The New Republic

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The New Republic
The New Republic magazine February 11 2013 cover.jpg
The New Republic cover of February 11, 2013
Editor-in-ChiefWin McCormack [1]
EditorJ.J. Gould [1]
CategoriesEditorial magazine
Frequency10 per year
PublisherRachel Rosenfelt[1]
Total circulation
First issueNovember 7, 1914
CountryUnited States
Based inNew York City, New York
ISSN0028-6583 (print)
2169-2416 (web)

The New Republic is a American magazine of commentary on politics and the arts, published since 1914, with influence on American political and cultural thinking. Founded in 1914 by leaders of the progressive movement, it attempted to find a balance between a humanitarian progressivism and an intellectual scientism, ultimately discarding the latter.[3] Through the 1980s and '90s, the magazine incorporated elements of "Third Way" neoliberalism and conservatism.[4]

In 2014, two years after Chris Hughes, a co-founder of Facebook, purchased the magazine, he ousted its editor and attempted to remake its format, operations and partisan stances, provoking the resignation of the majority of its editors and writers. In early 2016, Hughes announced he was putting the magazine up for sale, indicating the need for "new vision and leadership".[5][6] It was sold in February 2016 to Win McCormack.[7]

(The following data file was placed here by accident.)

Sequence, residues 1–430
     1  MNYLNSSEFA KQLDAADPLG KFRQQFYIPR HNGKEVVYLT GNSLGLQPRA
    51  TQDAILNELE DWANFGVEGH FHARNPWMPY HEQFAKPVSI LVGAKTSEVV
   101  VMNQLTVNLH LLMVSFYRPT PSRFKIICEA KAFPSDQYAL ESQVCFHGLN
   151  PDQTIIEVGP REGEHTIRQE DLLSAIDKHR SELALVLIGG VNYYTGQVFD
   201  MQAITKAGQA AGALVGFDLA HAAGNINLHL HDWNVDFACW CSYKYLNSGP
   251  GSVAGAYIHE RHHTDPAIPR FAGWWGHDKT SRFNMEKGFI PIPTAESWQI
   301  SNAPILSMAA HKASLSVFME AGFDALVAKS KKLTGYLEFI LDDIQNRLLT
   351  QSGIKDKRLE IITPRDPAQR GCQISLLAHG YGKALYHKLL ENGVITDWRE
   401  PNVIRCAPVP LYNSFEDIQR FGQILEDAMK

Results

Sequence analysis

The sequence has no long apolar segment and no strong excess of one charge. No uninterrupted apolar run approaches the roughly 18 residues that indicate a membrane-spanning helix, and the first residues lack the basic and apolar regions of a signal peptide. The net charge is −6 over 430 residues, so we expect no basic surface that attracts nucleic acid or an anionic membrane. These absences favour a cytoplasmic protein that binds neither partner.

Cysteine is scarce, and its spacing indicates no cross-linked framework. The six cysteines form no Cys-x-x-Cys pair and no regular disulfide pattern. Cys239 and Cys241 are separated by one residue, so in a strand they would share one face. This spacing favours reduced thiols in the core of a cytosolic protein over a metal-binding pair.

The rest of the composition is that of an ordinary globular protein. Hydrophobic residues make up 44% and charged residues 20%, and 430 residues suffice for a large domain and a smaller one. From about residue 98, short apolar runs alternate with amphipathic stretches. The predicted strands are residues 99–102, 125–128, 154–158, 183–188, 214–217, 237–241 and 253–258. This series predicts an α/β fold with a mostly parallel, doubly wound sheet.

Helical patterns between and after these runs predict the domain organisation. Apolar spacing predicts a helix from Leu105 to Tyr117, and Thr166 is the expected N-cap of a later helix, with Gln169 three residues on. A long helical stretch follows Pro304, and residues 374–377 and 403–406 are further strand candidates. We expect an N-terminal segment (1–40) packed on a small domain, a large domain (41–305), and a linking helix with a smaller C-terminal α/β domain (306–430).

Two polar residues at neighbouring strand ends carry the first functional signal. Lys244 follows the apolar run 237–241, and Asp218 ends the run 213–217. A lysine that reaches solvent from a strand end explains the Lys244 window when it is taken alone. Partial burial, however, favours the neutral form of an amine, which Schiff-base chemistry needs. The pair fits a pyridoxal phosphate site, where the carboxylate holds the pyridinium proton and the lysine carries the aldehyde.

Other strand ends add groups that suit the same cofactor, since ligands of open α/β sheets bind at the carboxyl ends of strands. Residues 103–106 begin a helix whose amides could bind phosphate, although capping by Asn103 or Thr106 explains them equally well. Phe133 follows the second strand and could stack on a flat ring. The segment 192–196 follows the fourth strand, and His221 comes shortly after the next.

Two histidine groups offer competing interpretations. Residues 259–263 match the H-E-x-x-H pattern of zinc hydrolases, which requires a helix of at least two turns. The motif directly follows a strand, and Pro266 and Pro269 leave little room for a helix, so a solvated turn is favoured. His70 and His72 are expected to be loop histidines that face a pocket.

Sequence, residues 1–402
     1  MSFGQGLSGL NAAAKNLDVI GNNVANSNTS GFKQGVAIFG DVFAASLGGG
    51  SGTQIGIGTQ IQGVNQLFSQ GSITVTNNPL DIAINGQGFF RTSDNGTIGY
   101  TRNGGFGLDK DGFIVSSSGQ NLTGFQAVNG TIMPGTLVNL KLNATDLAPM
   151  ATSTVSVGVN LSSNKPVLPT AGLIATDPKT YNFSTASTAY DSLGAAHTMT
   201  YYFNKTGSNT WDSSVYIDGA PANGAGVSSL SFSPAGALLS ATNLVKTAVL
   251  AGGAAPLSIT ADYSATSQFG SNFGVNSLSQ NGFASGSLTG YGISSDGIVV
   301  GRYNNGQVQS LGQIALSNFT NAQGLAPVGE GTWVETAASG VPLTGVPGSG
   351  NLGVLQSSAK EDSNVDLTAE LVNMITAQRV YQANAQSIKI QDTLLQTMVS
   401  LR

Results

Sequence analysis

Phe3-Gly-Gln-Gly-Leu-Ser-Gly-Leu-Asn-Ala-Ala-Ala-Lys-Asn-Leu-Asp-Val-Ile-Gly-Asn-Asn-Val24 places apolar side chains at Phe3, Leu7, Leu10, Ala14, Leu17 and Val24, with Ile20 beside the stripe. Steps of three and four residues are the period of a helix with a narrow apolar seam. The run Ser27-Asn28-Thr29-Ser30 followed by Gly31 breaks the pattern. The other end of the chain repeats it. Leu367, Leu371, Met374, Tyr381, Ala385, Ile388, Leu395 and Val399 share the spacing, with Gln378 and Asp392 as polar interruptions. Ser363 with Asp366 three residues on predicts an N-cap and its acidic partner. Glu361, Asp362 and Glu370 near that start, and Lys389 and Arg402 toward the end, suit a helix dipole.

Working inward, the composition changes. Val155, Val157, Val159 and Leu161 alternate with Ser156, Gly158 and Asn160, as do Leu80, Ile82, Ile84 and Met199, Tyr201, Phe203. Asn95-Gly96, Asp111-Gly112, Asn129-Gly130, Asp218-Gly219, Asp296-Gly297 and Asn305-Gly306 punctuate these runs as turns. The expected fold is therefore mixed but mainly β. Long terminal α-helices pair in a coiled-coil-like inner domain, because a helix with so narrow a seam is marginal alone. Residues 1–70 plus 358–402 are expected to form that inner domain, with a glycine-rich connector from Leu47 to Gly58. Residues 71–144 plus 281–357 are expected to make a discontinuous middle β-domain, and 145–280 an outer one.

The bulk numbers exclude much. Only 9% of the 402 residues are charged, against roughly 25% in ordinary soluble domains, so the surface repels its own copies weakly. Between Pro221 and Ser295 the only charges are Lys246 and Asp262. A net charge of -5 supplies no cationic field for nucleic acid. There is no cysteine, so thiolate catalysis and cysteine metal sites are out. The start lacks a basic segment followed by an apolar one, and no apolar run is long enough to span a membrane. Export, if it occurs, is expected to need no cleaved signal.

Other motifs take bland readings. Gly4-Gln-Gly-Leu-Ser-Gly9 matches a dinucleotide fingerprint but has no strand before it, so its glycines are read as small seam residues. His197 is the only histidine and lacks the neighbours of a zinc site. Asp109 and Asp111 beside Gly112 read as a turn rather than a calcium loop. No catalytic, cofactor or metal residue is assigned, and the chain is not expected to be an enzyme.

Political views[edit]

Domestically, The New Republic as of 2011 supported a largely modern liberal stance on fiscal and social issues,[8] according to former editor Franklin Foer, who stated that it "invented the modern usage of the term 'liberal,' and it's one of our historical legacies and obligations to be involved in the ongoing debate over what exactly liberalism means and stands for."[9] As of 2004, however, some, like Anne Kossedd and Steven Rendall, contended that it was not as liberal as it had been before 1974.[10]

The magazine's outlook was formerly associated with the Democratic Leadership Council and "New Democrats" such as former US President Bill Clinton and Connecticut Senator Joseph Lieberman, who received the magazine's endorsement in the 2004 Democratic primary. The magazine endorsed Barack Obama in the 2008 general election.[11] Prior to 2014, while defending federal programs like Medicare and the EPA, it advocated some policies that, while seeking to achieve the ends of traditional social welfare programs, often used market solutions as their means, and so were often called "business-friendly." Typical of some of the policies supported by both The New Republic and the DLC during the 1990s were increased funding for the Earned Income Tax Credit program and reform of the Federal welfare system, and supply-side economics, especially the idea of reducing higher marginal income tax rates, which received heavy criticism from senior editor Jonathan Chait.[12] In its current incarnation, The New Republic is strongly in favor of universal health care. On certain high-profile social issues, such as its support of same-sex marriage, The New Republic could be considered more progressive than the mainstream of the Democratic Party establishment. In its March 2007 issue, The New Republic ran an article by Paul Starr (co-founder of the magazine's main rival, The American Prospect) where he provided a definition of modern democratic liberalism: